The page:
Alex Hunter: Well you need to do that. Training needs to be specific. If we look at, especially in any sort of caring provision, we need to be looking at the larger goal, which is to provide that caring service to the patient or service user. And the problem with communication is communication slips sometimes and can make things seem personal, simply with tone, simply with body language, with very small things. And when we look at larger concepts like teams, so when you’ve got teams of nurses, teams of doctors, teams of midwives, the issue there is that if you’ve got staff teams where they feel maybe something’s personal that impairs the function of the team, that impairs the function of providing that care to the patient or service user.

Al: Yep. Big time. So I think it was early in the week, Alex, where you said that you were an empath. I actually had never heard that word before. And you explained a little bit about the statistics that you’ve identified around how many people in the world are empaths, how many are psychopaths, I think you talked about sociopaths, narcissists. Just share that, I found that very fascinating, share that little stats with us.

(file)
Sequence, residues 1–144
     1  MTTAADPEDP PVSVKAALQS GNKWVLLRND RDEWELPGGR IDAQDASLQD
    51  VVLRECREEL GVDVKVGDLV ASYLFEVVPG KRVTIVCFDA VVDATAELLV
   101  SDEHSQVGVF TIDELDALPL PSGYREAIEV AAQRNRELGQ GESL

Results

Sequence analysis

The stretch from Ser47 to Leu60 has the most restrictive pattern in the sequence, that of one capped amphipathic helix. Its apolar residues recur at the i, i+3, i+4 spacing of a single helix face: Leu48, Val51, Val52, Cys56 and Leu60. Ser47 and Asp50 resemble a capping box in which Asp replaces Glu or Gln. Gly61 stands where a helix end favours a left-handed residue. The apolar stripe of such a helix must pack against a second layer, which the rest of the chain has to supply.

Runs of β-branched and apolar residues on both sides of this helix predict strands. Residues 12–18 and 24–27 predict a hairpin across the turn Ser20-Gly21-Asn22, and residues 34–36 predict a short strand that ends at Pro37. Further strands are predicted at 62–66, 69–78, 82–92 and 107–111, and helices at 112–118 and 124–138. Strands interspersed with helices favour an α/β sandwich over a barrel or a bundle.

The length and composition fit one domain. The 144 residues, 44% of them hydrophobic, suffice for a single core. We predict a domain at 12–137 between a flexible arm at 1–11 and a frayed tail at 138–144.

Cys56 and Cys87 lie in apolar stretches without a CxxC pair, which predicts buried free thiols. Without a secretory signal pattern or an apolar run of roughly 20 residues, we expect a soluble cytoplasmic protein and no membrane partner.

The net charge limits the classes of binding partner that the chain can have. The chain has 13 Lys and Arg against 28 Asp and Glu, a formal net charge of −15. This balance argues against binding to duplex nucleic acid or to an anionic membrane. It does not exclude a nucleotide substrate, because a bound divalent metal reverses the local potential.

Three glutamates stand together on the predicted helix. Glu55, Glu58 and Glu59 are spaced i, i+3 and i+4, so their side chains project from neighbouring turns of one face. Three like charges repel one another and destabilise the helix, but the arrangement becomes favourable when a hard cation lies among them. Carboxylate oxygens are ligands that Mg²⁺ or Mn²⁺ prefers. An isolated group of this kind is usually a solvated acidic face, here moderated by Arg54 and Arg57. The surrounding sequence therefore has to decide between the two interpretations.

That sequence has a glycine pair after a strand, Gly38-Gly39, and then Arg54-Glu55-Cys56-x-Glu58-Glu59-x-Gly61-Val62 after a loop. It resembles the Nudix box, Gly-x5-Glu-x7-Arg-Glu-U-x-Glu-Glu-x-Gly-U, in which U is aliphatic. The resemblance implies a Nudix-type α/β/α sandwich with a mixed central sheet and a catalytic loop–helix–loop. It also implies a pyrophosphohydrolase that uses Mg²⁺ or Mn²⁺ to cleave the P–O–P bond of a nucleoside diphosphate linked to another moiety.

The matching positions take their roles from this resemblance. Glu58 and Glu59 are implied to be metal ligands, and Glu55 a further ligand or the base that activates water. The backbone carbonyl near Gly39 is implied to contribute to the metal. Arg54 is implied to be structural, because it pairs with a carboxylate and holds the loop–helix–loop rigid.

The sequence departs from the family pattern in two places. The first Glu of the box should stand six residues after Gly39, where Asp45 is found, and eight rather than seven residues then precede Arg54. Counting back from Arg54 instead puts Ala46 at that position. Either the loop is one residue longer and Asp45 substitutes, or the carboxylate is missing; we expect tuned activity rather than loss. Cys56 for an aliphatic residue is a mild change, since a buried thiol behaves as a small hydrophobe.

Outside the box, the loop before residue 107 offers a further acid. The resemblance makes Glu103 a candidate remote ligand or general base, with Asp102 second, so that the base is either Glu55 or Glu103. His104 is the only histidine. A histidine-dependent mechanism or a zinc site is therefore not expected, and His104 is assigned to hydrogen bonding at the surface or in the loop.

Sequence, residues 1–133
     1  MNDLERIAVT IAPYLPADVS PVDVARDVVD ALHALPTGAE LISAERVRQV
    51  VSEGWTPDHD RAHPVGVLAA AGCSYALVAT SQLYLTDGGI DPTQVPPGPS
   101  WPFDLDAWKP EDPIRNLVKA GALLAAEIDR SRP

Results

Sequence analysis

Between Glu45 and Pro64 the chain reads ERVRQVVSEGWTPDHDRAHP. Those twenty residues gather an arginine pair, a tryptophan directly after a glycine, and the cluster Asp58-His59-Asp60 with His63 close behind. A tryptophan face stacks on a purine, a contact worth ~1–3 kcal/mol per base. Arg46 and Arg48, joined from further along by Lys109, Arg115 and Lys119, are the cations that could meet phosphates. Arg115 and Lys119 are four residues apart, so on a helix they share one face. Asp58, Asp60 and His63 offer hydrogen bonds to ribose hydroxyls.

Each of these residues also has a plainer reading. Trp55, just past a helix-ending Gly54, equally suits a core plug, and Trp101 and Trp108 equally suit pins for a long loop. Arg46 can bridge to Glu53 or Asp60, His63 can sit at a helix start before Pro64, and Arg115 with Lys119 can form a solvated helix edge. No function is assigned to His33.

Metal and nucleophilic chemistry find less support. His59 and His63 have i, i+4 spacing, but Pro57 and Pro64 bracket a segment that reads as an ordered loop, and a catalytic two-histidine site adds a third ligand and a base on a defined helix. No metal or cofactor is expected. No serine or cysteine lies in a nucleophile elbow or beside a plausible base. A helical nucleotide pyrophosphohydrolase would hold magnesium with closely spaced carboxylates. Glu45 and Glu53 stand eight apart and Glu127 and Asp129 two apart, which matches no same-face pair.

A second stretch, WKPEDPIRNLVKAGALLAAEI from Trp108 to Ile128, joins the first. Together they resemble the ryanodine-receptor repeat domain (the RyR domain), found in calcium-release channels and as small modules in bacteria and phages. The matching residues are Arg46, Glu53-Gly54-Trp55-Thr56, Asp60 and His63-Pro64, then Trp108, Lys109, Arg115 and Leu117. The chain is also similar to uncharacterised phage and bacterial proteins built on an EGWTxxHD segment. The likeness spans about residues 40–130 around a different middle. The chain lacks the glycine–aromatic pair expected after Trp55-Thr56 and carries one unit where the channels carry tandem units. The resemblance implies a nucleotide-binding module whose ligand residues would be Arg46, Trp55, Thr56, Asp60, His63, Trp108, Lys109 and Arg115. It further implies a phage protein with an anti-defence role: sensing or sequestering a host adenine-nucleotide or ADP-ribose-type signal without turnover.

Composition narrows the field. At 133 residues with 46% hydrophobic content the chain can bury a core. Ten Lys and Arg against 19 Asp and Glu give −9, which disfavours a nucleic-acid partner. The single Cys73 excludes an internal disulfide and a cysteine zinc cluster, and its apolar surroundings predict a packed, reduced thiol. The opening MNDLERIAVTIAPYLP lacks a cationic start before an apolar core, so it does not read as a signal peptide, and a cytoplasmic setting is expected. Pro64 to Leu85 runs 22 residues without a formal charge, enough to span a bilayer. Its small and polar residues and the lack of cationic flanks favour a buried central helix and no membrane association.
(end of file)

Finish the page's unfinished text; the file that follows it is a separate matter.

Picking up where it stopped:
Alex Hunter: So, I’ll tell a story if I may. So, very early in my life, in my military career, it was identified in me that I was able to read people’s intentions very successfully. Which from that perspective is great because obviously if we’re watching an area and watching behavior and being able to see what people were going to do in that area gives us a bit of full warning for action that’s bad. So that was identified in me early and then obviously in the security field it became a real talent. There was a unique selling point for me to be able to go and work somewhere and they could rely on me to watch a crowd of people and pick out odd behaviors and essentially be able to spot things that weren’t right.